In the light of SAC’s primary goal to move the global apparel and footwear industry towards greater sustainability, primarily through use of its Higg Index, Angus commented that wool has an MSI score (according to the Higg Materials Sustainability Index) of about 80% while polyester is approximately 40%. “So, when one looks at the complete lifecycle of polyester, then it is not as good as wool.”

Is wool part of the conversation?

The voice of wool in SAC and Pulse, dr Beverley Henry from Queensland University of Technology and member of the LCA Technical Advisory Group, discussed the place of wool in the world of textile sustainability and the current analysis debate.

There are many dimensions to the sustainability of wool, she said. “For good results one needs good data and methods. Sustainable assessment really consists of several complex issues and there are many dimensions to the sustainability of wool. It is not just about greenhouse gas emissions, or a few impact categories that are measuring some of the environmental footprints, but about regenerative agriculture, biodiversity and more. It is also about issues that are important to the environment, and a digital concept too. Can we really say that wool is sustainable?”

Using a slideshow, she noted that the sustainability of wool cannot currently be measured, though one can speak about the aspects around it. “All fibre and textiles affect the environment, but we also know there are many dimensions in sustainability.”

“Polyester has a lower environmental footprint the way it is being calculated presently. We will thus have to learn to tell the story of the sustainability of wool without being restricted to some of the metrics that are in use.”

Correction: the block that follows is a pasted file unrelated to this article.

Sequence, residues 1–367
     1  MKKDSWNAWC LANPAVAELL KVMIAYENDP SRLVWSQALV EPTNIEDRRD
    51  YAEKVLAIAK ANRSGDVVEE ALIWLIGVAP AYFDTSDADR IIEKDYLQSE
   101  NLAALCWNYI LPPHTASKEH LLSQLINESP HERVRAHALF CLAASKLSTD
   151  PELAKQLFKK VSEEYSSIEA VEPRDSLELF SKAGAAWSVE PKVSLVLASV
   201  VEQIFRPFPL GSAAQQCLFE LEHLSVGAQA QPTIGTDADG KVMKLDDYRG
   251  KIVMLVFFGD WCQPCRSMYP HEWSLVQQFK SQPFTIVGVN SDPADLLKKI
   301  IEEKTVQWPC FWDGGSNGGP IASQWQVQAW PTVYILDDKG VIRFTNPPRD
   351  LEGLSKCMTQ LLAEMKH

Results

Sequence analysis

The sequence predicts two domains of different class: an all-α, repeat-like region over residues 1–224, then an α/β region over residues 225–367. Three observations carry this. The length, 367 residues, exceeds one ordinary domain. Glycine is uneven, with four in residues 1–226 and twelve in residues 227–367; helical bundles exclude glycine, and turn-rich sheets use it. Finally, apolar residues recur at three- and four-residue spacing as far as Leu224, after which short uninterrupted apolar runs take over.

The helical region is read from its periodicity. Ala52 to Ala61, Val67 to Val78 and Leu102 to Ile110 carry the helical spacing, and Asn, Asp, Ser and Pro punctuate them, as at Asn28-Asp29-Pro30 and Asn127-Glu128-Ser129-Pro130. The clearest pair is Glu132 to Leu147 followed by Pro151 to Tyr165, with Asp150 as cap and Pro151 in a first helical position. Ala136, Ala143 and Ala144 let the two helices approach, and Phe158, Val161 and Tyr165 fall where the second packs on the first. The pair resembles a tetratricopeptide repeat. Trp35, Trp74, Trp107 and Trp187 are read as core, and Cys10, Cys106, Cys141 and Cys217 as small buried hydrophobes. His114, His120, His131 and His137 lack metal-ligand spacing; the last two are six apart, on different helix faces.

She also said that wool’s voice is stronger, thanks to the investments IWTO has made in communication products and science. Dr Henry then showed a slide of a tattoo-gone-wrong. “Our opinion will be disregarded in the wider community if we don’t implement the right experience, skills, science and methods. So, in a proverbial sense one can say that the tools are the same, but the outcome depends on how they are used.”

Land to Market Programme

From the Savory Institute in the USA, Chris Kerston spoke about farmers being trained since the 1980’s on biological monitoring where they measure the health of their land. “They use that to make their own decisions on how to graze their animals differently to get the kind of results they require.”

“We are bringing food and textiles together with our established programme that is specifically developed around livestock products. In the next few years, we’ll be moving over to cropping. But right now we focus on livestock as it is our core competency and support network.”

Holistic farming practices

Olive Leaf Foundation is an NGO established in 1989.

“A community that lives off the land, naturally is able to work with animals,” said Rolf Pretorius.

“We provide between 3 to 4 million services per annum, from 440 service points in South Africa.” Their task is to establish what the farmers’ inherent skills are and then to get them to understand how to graze their animals properly and how to market their animals successfully. “Once we have completed a project, we step out of it with the confidence that it will continue without us being there. That truly is sustainable development.”

Rolf showed a video clip about communal producers learning to farm in a sustainable manner. “It is a truly South African story with many different facets about how wool affects the lives of the wool farmers.” – Carin Venter, Stockfarm